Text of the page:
Corey Ferguson: My very first job was at Subway, when I was fifteen. I’ve never left the kitchen since; I had a fascination with creating. Cooking was just canned vegetables and fruit when my mom cooked, so it was nothing crazy. I found my own way into creating food I like to eat. Once I was eighteen, I got my first real kitchen job, at an Italian bistro in Fort Collins. The chef grew up cooking in New York — he’d lived that lifestyle — and he turned me on to cooking. He got me into literature, famous chefs, techniques. The greatest thing he ever said to me, though, was that if he [could have] done one thing differently, he would have gone to the Culinary Institute of America. So I went out [to Hyde Park] when I was nineteen, got my associate’s degree, and started finding who I was in terms of food and environment.
After that I went to Big Sur, California, to the Esalen Institute, a holistic-health institute. I fell in love with the connection between food and agriculture, with what food is on a spiritual level. I’ve always been around agriculture — growing up, I went and branded cattle in Sedgwick County every year. I always had a ton of buddies who were farmers or ranchers. At Esalen, I got to work on a farm, and I learned a lot about people and management. Most people I was leading in the kitchen had never set foot in a kitchen before — they’d worked in gardening or landscaping. I got to understand people, their capabilities, and to work as a group that had never worked together to feed 400 people three times a day. It was a growing experience for me personally. I got really into agriculture and food ecology and started putting a lot of my energy there. Once I went from viewing things separately to viewing them as a whole is when I understood the importance and personal desire of making sure I was grounded in both cooking and farming. It was the most direct relationship you can imagine in farm-to-plate. To this day, I would do that all the time if I could. Esalen was such a turning point for me; it took separate ideas I had and united them from an intellectual and spiritual standpoint. It will forever be the point where I realized what I wanted to do. I was not so much about going to work for [Daniel] Boulud or someone in New York City after that — that didn’t interest me. I wanted to learn about food from the base level.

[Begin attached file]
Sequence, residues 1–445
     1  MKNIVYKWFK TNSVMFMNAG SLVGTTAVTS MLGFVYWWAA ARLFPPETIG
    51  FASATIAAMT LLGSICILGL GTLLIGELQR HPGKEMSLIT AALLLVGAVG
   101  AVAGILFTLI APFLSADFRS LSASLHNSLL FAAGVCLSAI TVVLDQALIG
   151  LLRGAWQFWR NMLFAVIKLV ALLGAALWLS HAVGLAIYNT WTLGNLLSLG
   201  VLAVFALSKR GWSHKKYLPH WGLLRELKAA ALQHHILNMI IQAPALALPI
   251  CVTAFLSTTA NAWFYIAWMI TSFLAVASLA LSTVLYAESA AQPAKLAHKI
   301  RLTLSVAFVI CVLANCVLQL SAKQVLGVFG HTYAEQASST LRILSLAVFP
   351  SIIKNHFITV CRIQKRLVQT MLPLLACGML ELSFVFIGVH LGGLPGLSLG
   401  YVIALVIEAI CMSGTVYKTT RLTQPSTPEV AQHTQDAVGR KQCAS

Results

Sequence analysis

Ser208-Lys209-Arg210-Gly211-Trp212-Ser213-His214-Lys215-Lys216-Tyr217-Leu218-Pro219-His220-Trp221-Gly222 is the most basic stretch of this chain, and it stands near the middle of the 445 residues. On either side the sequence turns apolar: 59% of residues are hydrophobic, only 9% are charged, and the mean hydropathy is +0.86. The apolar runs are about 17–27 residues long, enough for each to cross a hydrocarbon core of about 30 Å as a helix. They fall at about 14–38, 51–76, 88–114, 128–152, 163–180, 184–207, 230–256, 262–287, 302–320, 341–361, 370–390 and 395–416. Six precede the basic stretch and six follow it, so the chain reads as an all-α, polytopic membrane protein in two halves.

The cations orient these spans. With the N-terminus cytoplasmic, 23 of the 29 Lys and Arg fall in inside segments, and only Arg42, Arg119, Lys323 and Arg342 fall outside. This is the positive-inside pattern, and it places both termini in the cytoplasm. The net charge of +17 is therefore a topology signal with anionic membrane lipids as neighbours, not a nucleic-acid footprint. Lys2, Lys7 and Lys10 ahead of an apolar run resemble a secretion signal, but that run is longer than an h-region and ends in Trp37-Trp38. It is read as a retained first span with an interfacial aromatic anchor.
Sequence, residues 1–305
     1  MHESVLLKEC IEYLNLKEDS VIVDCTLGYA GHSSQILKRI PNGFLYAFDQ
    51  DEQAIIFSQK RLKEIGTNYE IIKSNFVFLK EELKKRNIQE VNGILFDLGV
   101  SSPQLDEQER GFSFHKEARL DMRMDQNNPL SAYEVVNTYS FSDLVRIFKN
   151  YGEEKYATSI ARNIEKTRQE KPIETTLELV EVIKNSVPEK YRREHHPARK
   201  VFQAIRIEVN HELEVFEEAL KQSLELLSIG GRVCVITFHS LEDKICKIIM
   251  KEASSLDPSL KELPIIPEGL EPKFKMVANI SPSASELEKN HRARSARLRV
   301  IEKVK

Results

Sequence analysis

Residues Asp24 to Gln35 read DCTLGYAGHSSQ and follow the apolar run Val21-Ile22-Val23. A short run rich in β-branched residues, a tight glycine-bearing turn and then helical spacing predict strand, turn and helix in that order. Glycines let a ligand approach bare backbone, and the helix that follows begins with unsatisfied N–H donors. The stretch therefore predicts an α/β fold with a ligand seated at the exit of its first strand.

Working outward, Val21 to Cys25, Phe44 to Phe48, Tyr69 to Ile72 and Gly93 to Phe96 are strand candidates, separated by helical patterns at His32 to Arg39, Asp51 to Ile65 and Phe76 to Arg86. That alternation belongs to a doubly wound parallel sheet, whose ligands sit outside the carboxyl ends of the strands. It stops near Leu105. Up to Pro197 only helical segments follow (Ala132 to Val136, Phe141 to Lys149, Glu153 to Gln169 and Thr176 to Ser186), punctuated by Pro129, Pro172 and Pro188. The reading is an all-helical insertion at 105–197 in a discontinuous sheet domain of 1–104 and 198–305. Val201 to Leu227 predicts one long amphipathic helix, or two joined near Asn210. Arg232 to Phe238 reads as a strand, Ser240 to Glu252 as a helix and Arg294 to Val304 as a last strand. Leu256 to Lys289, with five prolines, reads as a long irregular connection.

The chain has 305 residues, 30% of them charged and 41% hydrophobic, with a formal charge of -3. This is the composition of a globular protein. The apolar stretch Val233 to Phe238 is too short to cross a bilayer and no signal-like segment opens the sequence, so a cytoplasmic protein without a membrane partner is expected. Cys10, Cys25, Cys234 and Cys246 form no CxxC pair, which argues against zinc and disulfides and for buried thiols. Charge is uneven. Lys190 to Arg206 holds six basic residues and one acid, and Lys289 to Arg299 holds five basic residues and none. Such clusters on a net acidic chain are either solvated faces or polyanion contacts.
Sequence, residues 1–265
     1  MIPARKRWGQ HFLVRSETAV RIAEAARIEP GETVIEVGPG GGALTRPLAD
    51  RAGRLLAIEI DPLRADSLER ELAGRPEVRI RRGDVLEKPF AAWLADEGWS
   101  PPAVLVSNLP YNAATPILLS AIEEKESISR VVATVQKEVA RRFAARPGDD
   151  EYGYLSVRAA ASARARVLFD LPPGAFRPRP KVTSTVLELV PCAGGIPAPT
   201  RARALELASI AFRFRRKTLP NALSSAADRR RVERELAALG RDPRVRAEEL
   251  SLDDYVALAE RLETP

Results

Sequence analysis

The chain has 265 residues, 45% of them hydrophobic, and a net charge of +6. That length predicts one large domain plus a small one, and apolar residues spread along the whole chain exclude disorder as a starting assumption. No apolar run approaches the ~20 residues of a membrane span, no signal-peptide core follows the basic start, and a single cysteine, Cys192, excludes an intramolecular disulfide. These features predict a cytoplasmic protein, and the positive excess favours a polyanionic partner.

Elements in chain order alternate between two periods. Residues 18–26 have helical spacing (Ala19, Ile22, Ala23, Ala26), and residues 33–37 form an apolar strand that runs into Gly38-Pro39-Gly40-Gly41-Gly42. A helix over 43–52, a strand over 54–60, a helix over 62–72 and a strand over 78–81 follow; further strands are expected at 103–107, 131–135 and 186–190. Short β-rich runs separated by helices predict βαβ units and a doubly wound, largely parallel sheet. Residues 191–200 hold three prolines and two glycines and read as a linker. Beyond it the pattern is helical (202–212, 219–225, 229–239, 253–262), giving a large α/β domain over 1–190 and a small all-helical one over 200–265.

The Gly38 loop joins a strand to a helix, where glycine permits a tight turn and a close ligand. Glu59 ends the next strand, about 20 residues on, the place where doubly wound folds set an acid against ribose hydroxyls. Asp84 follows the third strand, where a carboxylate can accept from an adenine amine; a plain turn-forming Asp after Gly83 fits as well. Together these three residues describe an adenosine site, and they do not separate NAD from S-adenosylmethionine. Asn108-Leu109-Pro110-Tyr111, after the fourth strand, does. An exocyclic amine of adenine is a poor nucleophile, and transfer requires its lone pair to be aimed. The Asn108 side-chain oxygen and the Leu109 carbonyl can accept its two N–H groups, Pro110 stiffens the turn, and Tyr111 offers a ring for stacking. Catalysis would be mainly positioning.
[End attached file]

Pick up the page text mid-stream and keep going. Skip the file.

I got to go to Spain after that — a month-long tour was the final thing I did at the Culinary Institute. I went to Asturias, next to the Basque region, and worked on a farm out there. Spanish culture and food is where I want to be and what I want to be eating. It is such a community-driven style of eating, and there’s such a community-driven style around food and agriculture. I was seeing a side of agriculture that is basically nonexistent in our country anymore. There, if you’re a small farmer, you go to the grocery store and sell your produce. There are no contracts, no one saying, “That doesn’t look good enough.” There’s support on a very local level to get food from the area, so people are so proud of things they grow, the cheeses they make, the spirits they brew.